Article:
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Oregon Legislature

The House last week passed a controversial bill regarding Oregon's Public Employees Retirement System, but that's not nearly the last we'll hear about the state's PERS woes. 

The drama over Oregon's underfunded public pension plan may be over for this legislative session, but it likely will take another generation, or two, before this particular issue stops casting a gigantic shadow over the state's fiscal health.

And, in fact, some of the next developments in the state's ongoing drama with its Public Employees Retirement System may start coming into focus later this summer.

The Oregon House of Representatives last week passed Senate Bill 1049, which aims to keep escalating PERS pension costs from taking ever-bigger chunks out of the budgets of school districts, cities and other governmental entities. But the vote in the House to approve the measure was as narrow as it could be, 31-29. And that vote came 20 or so minutes after an earlier vote on the measure failed, 29-31. That vote prompted Speaker of the House Tina Kotek to leave the chamber, presumably to wrangle two other votes. When she returned, a pair of Democrats, Andrea Salinas and Mitch Greenlick, changed their votes from "nay" to "aye," sending the measure to Gov. Kate Brown, who is expected to approve it.

In all, seven Democrats voted against the bill. Among mid-valley legislators, the tally followed party lines: Democrats Dan Rayfield and Marty Wilde voted for it, and Republicans Mike Nearman, Sherrie Sprenger and Shelly Boshart Davis voted against it.

One legitimate argument against the bill was that it essentially does the same thing that previous legislative sessions have done with PERS: It kicks the pension system's $27 billion unfunded liability down the road. Some three-quarters of the estimated $1.2 billion to $1.8 billion the bill is estimated to save (beginning in the 2021-2023 budget cycle) comes from extending the minimum payment schedule for another eight years.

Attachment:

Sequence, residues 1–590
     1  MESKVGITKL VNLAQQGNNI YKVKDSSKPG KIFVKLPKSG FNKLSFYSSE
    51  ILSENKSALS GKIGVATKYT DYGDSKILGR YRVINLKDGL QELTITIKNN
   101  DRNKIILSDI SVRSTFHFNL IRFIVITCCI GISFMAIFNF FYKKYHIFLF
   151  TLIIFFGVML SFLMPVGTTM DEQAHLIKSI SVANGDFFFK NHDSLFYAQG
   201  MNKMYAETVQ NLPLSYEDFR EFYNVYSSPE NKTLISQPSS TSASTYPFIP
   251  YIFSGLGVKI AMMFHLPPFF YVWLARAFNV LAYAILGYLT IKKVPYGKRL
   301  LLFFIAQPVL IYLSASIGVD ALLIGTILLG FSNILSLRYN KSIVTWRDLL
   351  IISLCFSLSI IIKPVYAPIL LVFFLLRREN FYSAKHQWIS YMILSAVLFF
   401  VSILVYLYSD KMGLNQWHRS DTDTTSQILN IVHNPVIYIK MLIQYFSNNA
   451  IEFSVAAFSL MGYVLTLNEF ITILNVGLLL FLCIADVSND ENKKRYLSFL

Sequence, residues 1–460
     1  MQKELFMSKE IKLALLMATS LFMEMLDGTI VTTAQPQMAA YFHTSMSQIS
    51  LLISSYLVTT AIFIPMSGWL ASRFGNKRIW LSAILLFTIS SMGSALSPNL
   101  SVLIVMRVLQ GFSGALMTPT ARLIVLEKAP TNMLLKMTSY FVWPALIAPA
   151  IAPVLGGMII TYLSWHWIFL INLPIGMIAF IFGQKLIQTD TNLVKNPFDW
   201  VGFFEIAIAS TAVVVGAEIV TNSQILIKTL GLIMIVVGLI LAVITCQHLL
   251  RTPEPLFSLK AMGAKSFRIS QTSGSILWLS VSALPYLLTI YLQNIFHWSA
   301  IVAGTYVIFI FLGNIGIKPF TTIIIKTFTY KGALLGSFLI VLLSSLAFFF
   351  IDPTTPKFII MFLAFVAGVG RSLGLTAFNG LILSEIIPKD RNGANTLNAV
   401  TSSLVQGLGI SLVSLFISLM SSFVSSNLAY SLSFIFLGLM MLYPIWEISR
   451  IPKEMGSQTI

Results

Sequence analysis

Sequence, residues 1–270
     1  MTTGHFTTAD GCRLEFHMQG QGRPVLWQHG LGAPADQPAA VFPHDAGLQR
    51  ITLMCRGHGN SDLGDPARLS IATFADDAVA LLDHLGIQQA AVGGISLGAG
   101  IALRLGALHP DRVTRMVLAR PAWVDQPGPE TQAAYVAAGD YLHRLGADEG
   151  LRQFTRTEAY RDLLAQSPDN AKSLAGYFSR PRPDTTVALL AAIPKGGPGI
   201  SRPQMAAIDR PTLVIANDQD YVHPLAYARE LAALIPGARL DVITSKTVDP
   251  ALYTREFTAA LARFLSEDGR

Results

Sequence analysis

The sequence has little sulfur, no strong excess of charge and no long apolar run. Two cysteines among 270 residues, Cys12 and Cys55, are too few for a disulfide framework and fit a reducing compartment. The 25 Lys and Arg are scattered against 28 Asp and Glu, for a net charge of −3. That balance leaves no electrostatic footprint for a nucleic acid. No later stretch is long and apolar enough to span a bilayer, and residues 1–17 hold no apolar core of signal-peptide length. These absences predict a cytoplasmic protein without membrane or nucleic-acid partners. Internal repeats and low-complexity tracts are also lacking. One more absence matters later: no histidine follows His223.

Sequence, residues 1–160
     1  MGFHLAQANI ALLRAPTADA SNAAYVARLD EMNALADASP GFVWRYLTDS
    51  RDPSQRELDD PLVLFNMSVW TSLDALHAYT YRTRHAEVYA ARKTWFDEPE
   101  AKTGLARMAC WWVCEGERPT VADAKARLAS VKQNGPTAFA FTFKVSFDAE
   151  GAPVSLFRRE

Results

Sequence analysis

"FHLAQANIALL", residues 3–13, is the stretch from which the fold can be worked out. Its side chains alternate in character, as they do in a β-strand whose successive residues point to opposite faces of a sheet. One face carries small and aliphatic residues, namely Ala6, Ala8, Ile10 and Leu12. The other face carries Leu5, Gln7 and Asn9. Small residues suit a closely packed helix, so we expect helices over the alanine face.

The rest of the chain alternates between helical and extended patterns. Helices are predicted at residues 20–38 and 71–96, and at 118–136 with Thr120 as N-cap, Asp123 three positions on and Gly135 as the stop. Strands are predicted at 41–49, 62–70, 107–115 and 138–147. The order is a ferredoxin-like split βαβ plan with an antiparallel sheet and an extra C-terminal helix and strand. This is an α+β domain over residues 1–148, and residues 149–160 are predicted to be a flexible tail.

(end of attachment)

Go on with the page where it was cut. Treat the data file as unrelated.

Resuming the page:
But the big reason why this bill caused such angst in the Capitol is its cost-sharing provisions, which redirect a portion of the retirement contributions public employees now make into a supplemental 401(k)-like account into an account that would support pension benefits. Under the bill, some of those contributions (2.5% of pay for workers hired before Aug. 28, 2003 and 0.75% for employees hired after) would go into that new account.

As The Oregonian's Ted Sickinger has reported, a 30-year employee's overall retirement benefits would be reduced by 1% to 2% of pay. Oregon is one of two states that currently don't require employees to contribute to their pension benefits.

Public-employee unions were livid, vowing not only to challenge the measure in court but also to gain concessions at bargaining tables throughout the state to offset the losses. But union leaders also noted that the employee contributions called for in Senate Bill 1049 are considerably less than those sought in a looming ballot initiative being floated by business groups or even in an earlier plan suggested by the governor.

It also remains to be seen whether this legislation is sufficient to trigger an exodus of public workers eligible for retirement who are worried about potential losses in their retirement benefits; such an exodus has been a long-standing fear among state human resource officers. 

As for Gov. Brown, she issued a statement after the House vote saying that she "will not look to public employees for further contributions" to the unfunded liability, and pointed to other provisions of the bill, including a one-time $100 million contribution to an incentive fund that will provide a 25 percent match on any extra contributions employers make to the pension system and a provision directing any proceeds from Oregon Lottery's proposed sports betting to that fund.

The problem is that those measures amount to small potatoes when compared to a $27 billion liability. We may have heard the last of PERS reform from this year's legislative session, but the issue will continue to haunt Oregon for years to come.

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Originally published June 3 in the Corvallis Gazette-Times.

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